Album Reviews Dennis Rea – Giant Steppes

Published on 17th April 2021

Dennis Rea – Giant Steppes


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It is a fair bet that most of you have never heard of Dennis Rea, a much travelled guitarist, multiple band member and composer, and a long term resident of Seattle. Dennis and I go back some time now, as I have written about the man and his music many times over the years. To give you an idea of the many diverse chapters covered by his musical back pages, take a look at this discography retrospective, compiled back in 2012: HERE.

Dennis’s travels over the years included a long stint in China and Taiwan, where he also lived and worked for a time. He has written a fascinating book on his time there, entitled Live at the Forbidden City: Musical Encounters in China & Taiwan which you can read about HERE. His time in the mysterious country led to the 2010 album Views from Chicheng Precipice, a thoroughly lovely and beguiling travail through Dennis’s interpretations of Chinese music that is a delight to the ears.

Recorded over many years, Giant Steppes is Dennis’s second travelogue/interpretive album, this time centred on a vagarious trip through the music of Tuva, a region that straddles Mongolia and Russian Central Asia, and is about as remote – both geographically and culturally – as a Westerner can get. You can get the fully illustrated 65-page story of how Dennis came to be in such a rarefied location in the accompanying book, which is available as a free download HERE.

The musicians on the album comprise a core of fellow Seattle denizens, who have all known and worked with Dennis on various projects over the years, and also the vocal delights of Juliana & PAVA, a Seattle-based Russian choral folk group of reputation, and Tuvan throat singer Albert Kuvezin. The opening track Live at Gaochang (Uyghur Suite) eschews the ethnic musicians and sticks to the Seattle core on a slowly unfolding theme drawing from traditional tunes on a 1980s collection entitled Uyghur Music of Xinjiang. The Uyghurs are in the news right now for the abuse they suffer as a Muslim minority in China, and the eerie nature of the mournful last few minutes of this piece conjure howling winds across the lonely Steppes, to fall on our info-saturated but disconnected Western ears.

Stripped back to just Dennis’s keening guitar, the meat on the stirred bones of Altai By and By is Juliana & PAVA’s multi-layered vocal harmonics, deconstructing at one point to a series of delighted hollers and whoops, making for a combination of melancholia and joy. The vocal group’s work on this is a treat for the ears. The amazing vocal feats of Albert Kuezin feature on the vibrant Wind of the World’s Nest, Dennis’s interpretation of the Tuvan style. Albert’s throat singing puts most of the “barbed wire garglers” of extreme metal to shame, his throat singing technique producing seemingly impossibly low registers, yet remaining entirely legible. The video below, while not on the album, will give you an idea.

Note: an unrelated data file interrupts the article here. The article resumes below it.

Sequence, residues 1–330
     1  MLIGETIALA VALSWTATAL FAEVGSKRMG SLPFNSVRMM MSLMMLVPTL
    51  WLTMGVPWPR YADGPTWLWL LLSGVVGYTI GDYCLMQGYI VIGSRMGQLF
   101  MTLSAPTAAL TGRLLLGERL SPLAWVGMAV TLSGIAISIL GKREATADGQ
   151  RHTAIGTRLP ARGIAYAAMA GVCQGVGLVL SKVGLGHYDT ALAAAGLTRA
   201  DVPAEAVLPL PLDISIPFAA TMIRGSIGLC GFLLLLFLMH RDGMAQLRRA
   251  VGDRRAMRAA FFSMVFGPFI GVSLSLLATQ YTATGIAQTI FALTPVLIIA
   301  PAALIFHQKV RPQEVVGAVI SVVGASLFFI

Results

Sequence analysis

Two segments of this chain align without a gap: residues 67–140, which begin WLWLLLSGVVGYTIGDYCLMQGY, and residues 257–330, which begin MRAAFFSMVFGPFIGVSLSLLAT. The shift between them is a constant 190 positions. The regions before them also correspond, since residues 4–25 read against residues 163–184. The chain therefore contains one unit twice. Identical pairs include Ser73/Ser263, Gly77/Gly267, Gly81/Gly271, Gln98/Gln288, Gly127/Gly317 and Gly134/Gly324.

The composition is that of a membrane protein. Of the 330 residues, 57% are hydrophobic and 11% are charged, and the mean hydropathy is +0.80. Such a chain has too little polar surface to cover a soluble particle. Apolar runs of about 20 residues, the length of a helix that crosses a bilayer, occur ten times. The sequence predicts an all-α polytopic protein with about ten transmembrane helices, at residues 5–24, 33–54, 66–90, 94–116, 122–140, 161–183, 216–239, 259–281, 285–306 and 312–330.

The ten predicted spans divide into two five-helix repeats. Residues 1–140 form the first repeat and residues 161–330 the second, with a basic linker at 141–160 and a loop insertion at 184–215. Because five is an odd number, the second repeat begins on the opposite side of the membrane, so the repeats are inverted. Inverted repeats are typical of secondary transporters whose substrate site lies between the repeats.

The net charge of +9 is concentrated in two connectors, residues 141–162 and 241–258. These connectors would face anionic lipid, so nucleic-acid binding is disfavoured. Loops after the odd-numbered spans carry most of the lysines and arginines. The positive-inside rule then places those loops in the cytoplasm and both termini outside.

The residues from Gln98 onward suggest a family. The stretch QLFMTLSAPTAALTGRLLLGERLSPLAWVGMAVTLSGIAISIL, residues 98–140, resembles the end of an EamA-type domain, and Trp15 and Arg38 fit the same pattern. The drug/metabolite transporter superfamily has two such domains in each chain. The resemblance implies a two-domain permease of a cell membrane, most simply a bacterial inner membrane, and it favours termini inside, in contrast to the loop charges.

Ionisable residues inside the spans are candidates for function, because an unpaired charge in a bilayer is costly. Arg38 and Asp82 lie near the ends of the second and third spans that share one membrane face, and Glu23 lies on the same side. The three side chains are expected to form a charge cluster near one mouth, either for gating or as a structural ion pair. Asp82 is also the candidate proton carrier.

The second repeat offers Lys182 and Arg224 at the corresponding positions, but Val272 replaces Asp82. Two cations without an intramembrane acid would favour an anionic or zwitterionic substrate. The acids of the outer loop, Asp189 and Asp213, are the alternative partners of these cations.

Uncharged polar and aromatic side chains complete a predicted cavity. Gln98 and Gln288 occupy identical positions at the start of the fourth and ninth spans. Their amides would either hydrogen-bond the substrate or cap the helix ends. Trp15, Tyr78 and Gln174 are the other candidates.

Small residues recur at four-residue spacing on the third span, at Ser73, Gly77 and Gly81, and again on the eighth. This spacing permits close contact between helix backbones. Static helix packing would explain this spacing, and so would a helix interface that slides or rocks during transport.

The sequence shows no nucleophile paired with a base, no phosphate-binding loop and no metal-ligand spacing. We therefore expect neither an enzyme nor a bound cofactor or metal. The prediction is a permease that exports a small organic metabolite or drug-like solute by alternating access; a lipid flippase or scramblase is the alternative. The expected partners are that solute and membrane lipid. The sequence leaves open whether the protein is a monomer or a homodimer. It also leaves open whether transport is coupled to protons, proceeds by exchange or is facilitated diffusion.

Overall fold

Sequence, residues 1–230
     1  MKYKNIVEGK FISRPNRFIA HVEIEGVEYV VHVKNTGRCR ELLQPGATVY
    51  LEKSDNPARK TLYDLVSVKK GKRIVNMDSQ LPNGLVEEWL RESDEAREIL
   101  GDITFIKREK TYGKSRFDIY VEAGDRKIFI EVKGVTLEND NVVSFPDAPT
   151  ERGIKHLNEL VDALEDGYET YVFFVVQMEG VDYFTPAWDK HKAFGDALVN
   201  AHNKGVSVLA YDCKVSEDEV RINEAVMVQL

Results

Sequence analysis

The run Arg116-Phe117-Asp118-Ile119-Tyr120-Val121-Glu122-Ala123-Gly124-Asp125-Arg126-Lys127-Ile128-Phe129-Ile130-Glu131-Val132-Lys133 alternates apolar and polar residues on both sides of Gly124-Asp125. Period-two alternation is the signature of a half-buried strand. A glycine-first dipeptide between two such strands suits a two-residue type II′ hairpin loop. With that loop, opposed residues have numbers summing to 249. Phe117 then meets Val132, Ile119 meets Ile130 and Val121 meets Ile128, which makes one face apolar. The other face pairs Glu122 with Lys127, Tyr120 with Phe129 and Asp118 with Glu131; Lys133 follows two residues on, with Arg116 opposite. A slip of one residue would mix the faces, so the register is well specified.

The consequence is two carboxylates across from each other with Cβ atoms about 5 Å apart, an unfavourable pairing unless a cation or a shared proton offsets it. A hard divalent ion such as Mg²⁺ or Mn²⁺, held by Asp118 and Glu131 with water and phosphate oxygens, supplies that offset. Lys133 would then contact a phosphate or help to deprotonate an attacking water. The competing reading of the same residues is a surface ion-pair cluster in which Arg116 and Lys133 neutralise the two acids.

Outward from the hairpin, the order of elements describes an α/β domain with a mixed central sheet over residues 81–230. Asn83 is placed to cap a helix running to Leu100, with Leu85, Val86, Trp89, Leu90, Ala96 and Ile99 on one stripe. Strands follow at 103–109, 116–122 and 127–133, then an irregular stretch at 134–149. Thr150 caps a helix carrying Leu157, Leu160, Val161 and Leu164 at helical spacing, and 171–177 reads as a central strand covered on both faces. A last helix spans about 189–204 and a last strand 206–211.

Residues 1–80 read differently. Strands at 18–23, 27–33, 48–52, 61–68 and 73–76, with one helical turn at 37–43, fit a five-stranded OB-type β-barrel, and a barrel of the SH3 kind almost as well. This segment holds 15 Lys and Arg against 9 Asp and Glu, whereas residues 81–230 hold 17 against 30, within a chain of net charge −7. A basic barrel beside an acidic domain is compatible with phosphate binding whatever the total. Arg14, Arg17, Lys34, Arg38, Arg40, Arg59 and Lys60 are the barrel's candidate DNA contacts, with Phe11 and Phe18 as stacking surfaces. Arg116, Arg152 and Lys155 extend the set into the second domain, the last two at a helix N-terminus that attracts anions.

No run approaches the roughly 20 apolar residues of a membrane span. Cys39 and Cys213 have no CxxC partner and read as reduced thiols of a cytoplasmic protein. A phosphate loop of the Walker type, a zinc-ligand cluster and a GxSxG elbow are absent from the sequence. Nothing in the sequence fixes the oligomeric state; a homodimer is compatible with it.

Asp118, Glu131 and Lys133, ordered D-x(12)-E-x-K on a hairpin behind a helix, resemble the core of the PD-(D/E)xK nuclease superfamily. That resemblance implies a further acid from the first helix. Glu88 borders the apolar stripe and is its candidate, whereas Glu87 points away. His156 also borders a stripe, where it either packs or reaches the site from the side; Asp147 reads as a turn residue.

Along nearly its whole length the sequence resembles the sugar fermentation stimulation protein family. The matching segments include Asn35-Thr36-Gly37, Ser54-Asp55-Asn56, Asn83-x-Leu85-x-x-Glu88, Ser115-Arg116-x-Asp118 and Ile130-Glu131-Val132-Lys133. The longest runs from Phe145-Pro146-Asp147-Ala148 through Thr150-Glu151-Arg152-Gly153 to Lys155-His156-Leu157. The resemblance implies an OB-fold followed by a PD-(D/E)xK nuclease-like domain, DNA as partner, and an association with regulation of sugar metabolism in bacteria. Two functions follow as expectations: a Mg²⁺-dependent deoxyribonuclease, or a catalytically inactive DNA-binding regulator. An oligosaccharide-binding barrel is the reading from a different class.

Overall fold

We end with The Fellowship of Tsering, and back to the Western musical core. An almost carefree romp through the deep influences that weave their way through this album comes to an abrupt halt, and a call to prayer from the sonorous dungchen horn takes the listener to another place. Tibetan monastery blues, and the rolling thunder of prayer wheels creak and groan in the roiling seas of collective consciousness. A troubled aura of wonder, a fear of the unknown, makes this a kind of anti-ambience, a kind of polar opposite of the quiet bit in the middle of Close to the Edge. Just as suddenly as the sprightly tune disappeared, it’s back to take us home. What a strange but enthralling trip it has been!

It is possible that some might view this work as obscurantism, but once you dig beneath the surface – once more, I urge you to read the book – you will find a world that you probably knew very little about opening up before you. Giant Steppes, like its natural predecessor Views from Chicheng Precipice, is an obvious labour of love by a man who is deeply connected to his muse, and for that reason alone is worth the time of any serious music lover. Oh… and it’s fun too!

TRACK LISTING
01. Live at Gaochang (Uyghur Suite) (16:39)
– Uyghur trad., arr. Dennis Rea
– Sources: Yaru, Morning & Ejem from 1980s collection Uyghur Music of Xinjiang
02. Altai By And By (8:46)
– Russian trad., arr. Juliana Svetlitchnaia & PAVA/Dennis Rea
– Sources: I Was Angry & My Dear Bridesmaids, songs from Altai Krai in Russian Central Asia
03. Wind Of The World’s Nest (9:56)
– Tuvan trad., arr. Dennis Rea, lyrics Galsan Tschinag
– Source: A fragment of Tuvan song Baezhin, otherwise original in a Tuvan vein by Dennis Rea
04. The Fellowship Of Tsering (14:07)
– Jampa Tsering, arr. Dennis Rea

Total Time – 49:28

MUSICIANS
Dennis Rea – Electric Guitar (tracks 1,2,3 & 4), Resonator Guitar (1), ‘Mellotron’ Guitar (1), ‘Throat’ Guitar (3), Organ Guitar (4), Kalimba (4)
Dick Valentine – Alto Sax (track 1,3), Sopranino Sax (1), Flute (3 & 4)
Greg Kelley – Trumpet (track 1)
Stuart Dempster – Didgeridoo (track 1)
Greg Campbell – Electric French Horn (track 1)
Don Berman – Drums & Percussion (track 1)
Juliana & PAVA – Vocals & Hurdy-gurdy (track 2)
Albert Kuvezin – Voice (tracks 3 & 4)
Wadim Dicke – Electric Fretted & Fretless Basses (track 3), Electric Bass (track 4)
Brian Oppel – Drums (track 3)
Greg Powers – Dungchen Horn (track 4)
Steve Fisk – Keyboards, Sounds, Rhythms & Creative Processing (track 4)
Daniel Zongrone – Drums & Percussion (track 4)
Tibetan Prayer Flag & Prayer Wheel Field Recordings courtesy of Avosound

ADDITIONAL INFO
Record Label: MoonJune Records
Country of Origin: U.S.A.
Date of Release: 21st January 2021

Dennis Rea – Website | Facebook | Bandcamp

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